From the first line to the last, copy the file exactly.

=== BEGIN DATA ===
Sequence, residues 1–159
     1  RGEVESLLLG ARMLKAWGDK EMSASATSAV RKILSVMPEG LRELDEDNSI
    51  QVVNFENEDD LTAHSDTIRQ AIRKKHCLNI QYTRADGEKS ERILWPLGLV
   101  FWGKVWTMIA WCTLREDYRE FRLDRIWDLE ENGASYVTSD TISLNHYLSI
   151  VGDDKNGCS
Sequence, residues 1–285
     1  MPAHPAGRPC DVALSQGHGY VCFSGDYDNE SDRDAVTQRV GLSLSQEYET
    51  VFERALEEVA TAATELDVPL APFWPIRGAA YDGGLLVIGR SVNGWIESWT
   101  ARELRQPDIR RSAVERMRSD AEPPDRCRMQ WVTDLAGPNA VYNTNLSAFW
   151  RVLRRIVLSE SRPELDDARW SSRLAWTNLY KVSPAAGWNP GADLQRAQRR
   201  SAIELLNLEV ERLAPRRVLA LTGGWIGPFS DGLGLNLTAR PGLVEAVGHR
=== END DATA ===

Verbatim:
Sequence, residues 1–159
     1  RGEVESLLLG ARMLKAWGDK EMSASATSAV RKILSVMPEG LRELDEDNSI
    51  QVVNFENEDD LTAHSDTIRQ AIRKKHCLNI QYTRADGEKS ERILWPLGLV
   101  FWGKVWTMIA WCTLREDYRE FRLDRIWDLE ENGASYVTSD TISLNHYLSI
   151  VGDDKNGCS
Sequence, residues 1–285
     1  MPAHPAGRPC DVALSQGHGY VCFSGDYDNE SDRDAVTQRV GLSLSQEYET
    51  VFERALEEVA TAATELDVPL APFWPIRGAA YDGGLLVIGR SVNGWIESWT
   101  ARELRQPDIR RSAVERMRSD AEPPDRCRMQ WVTDLAGPNA VYNTNLSAFW
   151  RVLRRIVLSE SRPELDDARW SSRLAWTNLY KVSPAAGWNP GADLQRAQRR
   201  SAIELLNLEV ERLAPRRVLA LTGGWIGPFS DGLGLNLTAR PGLVEAVGHR